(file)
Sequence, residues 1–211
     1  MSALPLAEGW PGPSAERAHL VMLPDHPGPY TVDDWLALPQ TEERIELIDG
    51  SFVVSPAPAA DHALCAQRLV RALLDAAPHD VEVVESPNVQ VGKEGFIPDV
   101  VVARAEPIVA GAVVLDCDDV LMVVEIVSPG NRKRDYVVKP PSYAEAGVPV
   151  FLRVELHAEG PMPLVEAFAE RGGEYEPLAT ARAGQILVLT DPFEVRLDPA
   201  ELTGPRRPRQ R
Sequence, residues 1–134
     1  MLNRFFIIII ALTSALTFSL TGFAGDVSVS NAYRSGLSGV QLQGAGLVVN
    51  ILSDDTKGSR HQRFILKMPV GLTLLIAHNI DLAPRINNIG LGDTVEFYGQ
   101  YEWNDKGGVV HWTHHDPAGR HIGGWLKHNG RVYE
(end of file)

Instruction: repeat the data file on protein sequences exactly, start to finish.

Sequence, residues 1–211
     1  MSALPLAEGW PGPSAERAHL VMLPDHPGPY TVDDWLALPQ TEERIELIDG
    51  SFVVSPAPAA DHALCAQRLV RALLDAAPHD VEVVESPNVQ VGKEGFIPDV
   101  VVARAEPIVA GAVVLDCDDV LMVVEIVSPG NRKRDYVVKP PSYAEAGVPV
   151  FLRVELHAEG PMPLVEAFAE RGGEYEPLAT ARAGQILVLT DPFEVRLDPA
   201  ELTGPRRPRQ R
Sequence, residues 1–134
     1  MLNRFFIIII ALTSALTFSL TGFAGDVSVS NAYRSGLSGV QLQGAGLVVN
    51  ILSDDTKGSR HQRFILKMPV GLTLLIAHNI DLAPRINNIG LGDTVEFYGQ
   101  YEWNDKGGVV HWTHHDPAGR HIGGWLKHNG RVYE